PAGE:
The Bird Cage is a popular bar in Cebu where the drag queens can lip-sync sing their favorite divas. Club Circus is a hangout for a mixed crowd while CC is a "rather seedy pub where the creatures of the night like to crawl" –predominantly prostitutes, male and female.

Urban gays are into the ‘uppity’ venues of city since they can afford some luxuries. They go to disco’s like DTM, a warehouse type dance club that plays house and rave music currently popular in Manila bars. They also go to Bai Disco which is mostly a straight dance club with a mix of gays. There is also Rounds, which is a karaoke bar.

As for the closeted ‘pa-mhin’ guys, they are into their straight pretense that includes straight bars and mixed clubs, which are numerous throughout the city. But, Bengi added, "they also go for sleazy encounters in movie houses where one is concealed by the lack of apt light inside."

Part 2: A Second View–From Hong Kong

Serendipity, again, is an important part of venture travel and I am frequently amazed and pleased by the coincidence of events. Two weeks after my meetings with Reul and Bengi, I happened to be in Hong Kong when the "Queer Film Fest" was screening.

One night there were four short films being shown, one of which was the documentary entitled ‘Sunflowers’. It focused on Philippino gays in the town of Pasuquin, Luzon (Philippines’ largest island) who stage the Sunflower Festival every year in honor of Saint Helen.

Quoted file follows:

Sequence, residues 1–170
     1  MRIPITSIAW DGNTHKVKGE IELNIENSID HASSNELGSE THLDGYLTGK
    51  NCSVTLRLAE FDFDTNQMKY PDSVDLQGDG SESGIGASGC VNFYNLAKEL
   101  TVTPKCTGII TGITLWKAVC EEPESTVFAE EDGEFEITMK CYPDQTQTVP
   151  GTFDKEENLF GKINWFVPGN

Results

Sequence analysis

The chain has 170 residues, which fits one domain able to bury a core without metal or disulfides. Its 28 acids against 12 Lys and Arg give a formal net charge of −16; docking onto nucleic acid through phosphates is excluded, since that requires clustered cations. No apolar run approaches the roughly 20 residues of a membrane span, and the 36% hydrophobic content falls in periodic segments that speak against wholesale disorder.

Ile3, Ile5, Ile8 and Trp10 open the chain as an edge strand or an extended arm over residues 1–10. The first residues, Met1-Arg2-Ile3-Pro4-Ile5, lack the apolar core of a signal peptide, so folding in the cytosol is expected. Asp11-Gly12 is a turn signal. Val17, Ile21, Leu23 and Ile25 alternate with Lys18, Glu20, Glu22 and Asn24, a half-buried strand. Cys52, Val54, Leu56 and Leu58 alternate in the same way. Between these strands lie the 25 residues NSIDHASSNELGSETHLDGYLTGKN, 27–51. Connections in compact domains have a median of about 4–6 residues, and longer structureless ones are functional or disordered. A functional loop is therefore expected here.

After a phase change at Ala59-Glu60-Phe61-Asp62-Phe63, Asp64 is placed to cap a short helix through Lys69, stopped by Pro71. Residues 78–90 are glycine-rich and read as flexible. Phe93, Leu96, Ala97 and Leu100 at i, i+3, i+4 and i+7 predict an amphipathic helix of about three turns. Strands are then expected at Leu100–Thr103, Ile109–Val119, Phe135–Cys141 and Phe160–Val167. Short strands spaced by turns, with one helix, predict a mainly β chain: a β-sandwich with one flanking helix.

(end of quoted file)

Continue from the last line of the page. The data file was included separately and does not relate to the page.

The documentary flushed out in full color and dialogues what Reul and Bengi told us earlier in Cebu. In addition to the regular religious Sunflower festival, there is an alternative Sunflower festival produced by cross-dressing ‘pa-girls’ who spice it up with fashion drag shows, lip-sync performances, music, dancing and food –all leading up to the climactic entry of St. Helen, borne on a litter, into the town center.

Helen is of course a guy decked out in a fabulous costume. The town loves it and everyone, adults and children, show up.

The film’s director, Shawn Hainsworth, captures all the busy preparations and includes interviews with a number of these guy-girls (who are not transsexuals) as they talk candidly about their lives and loves, some in the presence of their parents. "Why not. They bring happiness to the town" said one timid but proud mother.

One by one, guys like Ferni, Bacala, Abe, Oca, Marshall and others expose their feelings and experiences regarding romantic relationships lending insight into this gay-guy-girl model of love first revealed to me by Reul.

Girl-guys on Screen